Have you ever fallen in love with a fabric?
I fell in love with this fabric one day walking through Hobby Lobby, and I literally spent 2 weeks thinking of something I could make out of it. It didn’t come across as a fabric for a skirt or a dress, so I thought beyond clothes. And the idea of a tablecloth finally became clear. So with some measurement and brainstorming, I headed to Hobby Lobby to buy my 3 1/2 yards of the wonderful fabric.
I assembled everything together in the common room of my dorm room. It was definitely a small space (all my cutting took place on the floor), but luckily I had everything I needed, even a dorm room sized ironing board.
Step 1 was measuring. I wanted to send this to my parents, so I had my dad measure the diameter of our patio table (42 inches) back home. And with 44 inch-wide fabric, I decided to cut the circle with that diameter (since I couldn’t get any bigger).
I used a technique to cut the circle from this website that I found when I was doing some pre-sewing research (see her first sketch). But basically, the technique is taking your fabric pencil and attaching it to a string that measures your radius – like a compass circle. After marking, I simply made the cut.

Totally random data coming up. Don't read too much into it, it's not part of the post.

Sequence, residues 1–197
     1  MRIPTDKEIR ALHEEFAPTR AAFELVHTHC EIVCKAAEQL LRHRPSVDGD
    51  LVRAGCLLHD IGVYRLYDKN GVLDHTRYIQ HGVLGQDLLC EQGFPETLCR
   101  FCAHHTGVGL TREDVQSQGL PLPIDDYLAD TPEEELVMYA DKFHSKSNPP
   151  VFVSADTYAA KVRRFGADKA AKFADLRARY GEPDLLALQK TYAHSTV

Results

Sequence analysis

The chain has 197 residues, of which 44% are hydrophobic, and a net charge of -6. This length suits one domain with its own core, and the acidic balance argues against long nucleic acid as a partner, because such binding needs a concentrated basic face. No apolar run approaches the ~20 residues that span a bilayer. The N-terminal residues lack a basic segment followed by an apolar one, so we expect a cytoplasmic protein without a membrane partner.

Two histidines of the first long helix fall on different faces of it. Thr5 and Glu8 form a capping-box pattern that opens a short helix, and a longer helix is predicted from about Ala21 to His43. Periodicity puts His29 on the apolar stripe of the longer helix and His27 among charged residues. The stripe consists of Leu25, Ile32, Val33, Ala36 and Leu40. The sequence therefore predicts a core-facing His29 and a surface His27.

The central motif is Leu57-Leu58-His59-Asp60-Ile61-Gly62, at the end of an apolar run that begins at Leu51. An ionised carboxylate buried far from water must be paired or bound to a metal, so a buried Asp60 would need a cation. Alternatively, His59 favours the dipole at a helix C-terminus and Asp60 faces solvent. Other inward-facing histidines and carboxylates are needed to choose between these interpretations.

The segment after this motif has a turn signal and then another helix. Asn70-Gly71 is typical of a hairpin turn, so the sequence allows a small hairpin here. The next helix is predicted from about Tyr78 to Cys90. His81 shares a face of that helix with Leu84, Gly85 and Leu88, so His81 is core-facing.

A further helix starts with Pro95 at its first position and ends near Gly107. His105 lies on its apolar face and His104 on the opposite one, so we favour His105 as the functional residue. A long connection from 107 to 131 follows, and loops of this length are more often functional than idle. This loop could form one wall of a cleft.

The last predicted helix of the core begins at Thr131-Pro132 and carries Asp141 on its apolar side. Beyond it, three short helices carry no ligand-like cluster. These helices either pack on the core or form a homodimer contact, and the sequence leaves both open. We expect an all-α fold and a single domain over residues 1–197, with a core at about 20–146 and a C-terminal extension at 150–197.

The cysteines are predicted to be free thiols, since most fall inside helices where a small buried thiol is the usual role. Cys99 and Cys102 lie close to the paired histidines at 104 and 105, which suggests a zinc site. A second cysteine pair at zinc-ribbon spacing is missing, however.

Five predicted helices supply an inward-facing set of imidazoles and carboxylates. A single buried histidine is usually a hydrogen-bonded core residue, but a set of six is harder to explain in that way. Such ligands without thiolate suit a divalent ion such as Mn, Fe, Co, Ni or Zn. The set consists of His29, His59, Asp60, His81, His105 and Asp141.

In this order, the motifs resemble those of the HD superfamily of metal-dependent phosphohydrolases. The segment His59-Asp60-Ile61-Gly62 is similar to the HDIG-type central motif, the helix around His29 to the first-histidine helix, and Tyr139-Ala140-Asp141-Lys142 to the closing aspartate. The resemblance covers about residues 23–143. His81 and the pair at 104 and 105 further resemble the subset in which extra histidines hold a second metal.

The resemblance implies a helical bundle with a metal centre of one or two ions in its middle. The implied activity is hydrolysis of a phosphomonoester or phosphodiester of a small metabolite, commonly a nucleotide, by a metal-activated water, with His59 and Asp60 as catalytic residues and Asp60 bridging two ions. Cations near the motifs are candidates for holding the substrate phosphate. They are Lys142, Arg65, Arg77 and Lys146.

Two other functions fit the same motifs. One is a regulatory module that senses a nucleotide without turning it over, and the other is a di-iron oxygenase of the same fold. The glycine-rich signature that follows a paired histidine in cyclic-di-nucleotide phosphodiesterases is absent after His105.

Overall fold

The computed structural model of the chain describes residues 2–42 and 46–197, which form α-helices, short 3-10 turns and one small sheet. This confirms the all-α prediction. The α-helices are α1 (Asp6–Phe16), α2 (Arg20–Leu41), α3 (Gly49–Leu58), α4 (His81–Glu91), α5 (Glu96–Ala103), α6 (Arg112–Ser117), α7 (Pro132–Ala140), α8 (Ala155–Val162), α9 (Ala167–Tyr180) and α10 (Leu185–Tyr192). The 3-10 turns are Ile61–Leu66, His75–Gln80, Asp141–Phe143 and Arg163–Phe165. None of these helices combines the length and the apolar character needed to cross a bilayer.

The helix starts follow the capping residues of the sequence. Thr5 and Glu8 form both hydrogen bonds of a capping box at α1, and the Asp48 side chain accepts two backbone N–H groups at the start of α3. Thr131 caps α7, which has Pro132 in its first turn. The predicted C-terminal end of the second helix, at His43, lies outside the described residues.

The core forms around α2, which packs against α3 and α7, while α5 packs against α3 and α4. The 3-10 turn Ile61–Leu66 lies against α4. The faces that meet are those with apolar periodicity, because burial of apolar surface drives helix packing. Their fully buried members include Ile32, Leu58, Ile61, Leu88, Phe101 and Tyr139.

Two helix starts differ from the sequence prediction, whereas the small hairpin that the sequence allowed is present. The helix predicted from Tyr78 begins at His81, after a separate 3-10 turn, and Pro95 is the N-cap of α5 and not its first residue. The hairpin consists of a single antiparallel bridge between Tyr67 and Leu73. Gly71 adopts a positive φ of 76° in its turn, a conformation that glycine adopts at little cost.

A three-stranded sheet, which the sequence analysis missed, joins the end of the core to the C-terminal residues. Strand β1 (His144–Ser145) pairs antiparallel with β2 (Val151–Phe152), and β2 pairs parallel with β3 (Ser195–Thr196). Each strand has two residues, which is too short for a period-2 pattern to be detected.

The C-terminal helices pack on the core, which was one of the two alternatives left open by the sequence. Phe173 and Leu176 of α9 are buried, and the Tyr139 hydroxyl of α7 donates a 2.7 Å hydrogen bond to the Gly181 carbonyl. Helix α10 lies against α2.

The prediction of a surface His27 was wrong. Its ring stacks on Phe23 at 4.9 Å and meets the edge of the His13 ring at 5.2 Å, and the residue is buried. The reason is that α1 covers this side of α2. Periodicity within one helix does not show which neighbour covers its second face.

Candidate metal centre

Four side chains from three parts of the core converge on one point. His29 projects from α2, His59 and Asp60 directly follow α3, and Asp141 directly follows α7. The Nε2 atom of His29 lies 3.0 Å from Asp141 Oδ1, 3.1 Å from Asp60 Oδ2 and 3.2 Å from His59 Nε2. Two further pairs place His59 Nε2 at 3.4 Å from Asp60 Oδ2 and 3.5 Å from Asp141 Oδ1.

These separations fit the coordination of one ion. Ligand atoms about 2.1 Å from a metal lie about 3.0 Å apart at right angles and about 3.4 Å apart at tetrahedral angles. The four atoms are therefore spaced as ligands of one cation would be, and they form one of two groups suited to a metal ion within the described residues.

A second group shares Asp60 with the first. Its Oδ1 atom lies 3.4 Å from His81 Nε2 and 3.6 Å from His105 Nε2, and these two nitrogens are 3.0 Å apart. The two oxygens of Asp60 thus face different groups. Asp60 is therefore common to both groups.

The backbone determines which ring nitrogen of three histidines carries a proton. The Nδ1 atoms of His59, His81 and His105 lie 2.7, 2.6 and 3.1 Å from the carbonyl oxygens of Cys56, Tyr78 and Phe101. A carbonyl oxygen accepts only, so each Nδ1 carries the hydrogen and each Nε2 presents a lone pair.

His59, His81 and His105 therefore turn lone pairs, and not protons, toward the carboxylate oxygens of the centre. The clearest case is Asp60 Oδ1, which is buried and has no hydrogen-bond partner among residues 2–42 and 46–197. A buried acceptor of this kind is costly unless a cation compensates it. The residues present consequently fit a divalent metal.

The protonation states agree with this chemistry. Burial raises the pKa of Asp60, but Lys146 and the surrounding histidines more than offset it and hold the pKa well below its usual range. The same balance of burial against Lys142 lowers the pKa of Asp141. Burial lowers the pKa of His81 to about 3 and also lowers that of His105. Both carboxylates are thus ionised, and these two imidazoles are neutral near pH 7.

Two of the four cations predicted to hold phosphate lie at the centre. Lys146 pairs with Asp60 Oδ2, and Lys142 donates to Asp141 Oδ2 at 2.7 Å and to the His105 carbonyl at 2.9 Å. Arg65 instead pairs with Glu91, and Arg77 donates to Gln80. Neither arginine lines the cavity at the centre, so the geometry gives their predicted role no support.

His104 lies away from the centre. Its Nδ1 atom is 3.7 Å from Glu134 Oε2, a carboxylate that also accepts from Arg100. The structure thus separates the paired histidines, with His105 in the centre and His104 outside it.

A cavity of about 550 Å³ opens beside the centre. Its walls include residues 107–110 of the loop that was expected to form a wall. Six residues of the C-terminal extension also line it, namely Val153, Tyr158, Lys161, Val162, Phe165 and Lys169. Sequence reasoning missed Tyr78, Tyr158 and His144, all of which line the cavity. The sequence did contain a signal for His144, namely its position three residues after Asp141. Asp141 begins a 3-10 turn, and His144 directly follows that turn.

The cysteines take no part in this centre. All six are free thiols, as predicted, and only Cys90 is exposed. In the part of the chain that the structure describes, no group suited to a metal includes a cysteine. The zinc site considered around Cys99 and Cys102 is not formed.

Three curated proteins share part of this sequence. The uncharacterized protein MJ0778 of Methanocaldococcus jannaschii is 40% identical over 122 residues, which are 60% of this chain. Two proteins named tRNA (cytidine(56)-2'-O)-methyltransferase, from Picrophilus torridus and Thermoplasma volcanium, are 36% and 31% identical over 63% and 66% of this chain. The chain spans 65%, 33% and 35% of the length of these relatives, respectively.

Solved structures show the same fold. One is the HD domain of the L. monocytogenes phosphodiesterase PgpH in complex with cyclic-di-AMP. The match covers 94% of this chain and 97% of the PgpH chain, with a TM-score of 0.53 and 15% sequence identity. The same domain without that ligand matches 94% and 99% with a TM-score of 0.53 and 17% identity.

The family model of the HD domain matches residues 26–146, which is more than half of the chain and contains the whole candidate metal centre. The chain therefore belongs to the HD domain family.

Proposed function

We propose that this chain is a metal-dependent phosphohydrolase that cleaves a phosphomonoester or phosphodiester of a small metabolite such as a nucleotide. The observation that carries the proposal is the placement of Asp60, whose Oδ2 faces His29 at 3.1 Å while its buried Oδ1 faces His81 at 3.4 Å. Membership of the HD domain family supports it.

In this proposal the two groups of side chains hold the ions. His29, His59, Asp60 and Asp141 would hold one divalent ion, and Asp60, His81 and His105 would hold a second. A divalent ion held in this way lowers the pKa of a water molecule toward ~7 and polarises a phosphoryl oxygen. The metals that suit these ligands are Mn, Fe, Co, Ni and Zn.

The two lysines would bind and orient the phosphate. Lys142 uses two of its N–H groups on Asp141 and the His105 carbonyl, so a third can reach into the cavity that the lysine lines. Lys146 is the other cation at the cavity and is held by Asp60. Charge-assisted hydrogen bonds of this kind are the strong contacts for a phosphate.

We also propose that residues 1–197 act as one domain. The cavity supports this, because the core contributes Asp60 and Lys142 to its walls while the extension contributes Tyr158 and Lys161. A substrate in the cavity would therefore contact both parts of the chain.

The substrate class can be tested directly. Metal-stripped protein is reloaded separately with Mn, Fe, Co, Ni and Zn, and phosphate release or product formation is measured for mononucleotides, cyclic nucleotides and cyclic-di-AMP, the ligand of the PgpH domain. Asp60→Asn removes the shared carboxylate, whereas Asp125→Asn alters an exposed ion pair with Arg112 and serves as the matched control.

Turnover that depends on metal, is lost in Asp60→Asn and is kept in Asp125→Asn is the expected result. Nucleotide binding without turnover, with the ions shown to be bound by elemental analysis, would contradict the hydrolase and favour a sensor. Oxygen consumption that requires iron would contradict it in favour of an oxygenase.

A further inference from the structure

And we start step 2 like step 1 with lots of measuring. I measured two long panels 10 inches high and 3 1/2 yards long. After cutting them out, I sewed the two panels together, making a one 5 yard long panel and began pinning the rik rac on the fabric. I placed the rik rac 2 1/2 inches above the unhemmed edge.
In Step 3, we sew on the rik rac. After pinning it down, I simply ran a straight stitch right down the middle of the ribbon. Then I took the time to go back and sew in the zig-zagged pattern, making sure the edges were securely sewed down.
Then I changed the settings of my sewing machine to allow for a looser and longer stitch. With this, I sewed along the upper part of the fabric, not sewing backwards to secure the ends. Then, taking only one string on the end, I gently pulled on the string to gather the fabric. Continually spreading out the fabric and pulling the string to gather the fabric, a nice ruffled effect is created.
And then with right sides together (ignore the left picture above, it is wrong) pin the ruffled skirt to the circled top. With everything in place, sit yourself down at a sewing machine and sew – using the standard 5/8 seam allowance.